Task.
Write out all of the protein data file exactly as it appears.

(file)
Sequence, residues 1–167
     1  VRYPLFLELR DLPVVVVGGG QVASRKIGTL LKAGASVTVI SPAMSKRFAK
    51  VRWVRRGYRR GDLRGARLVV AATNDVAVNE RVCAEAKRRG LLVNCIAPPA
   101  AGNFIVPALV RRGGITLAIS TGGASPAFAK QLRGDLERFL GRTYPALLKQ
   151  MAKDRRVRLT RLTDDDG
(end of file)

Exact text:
Sequence, residues 1–167
     1  VRYPLFLELR DLPVVVVGGG QVASRKIGTL LKAGASVTVI SPAMSKRFAK
    51  VRWVRRGYRR GDLRGARLVV AATNDVAVNE RVCAEAKRRG LLVNCIAPPA
   101  AGNFIVPALV RRGGITLAIS TGGASPAFAK QLRGDLERFL GRTYPALLKQ
   151  MAKDRRVRLT RLTDDDG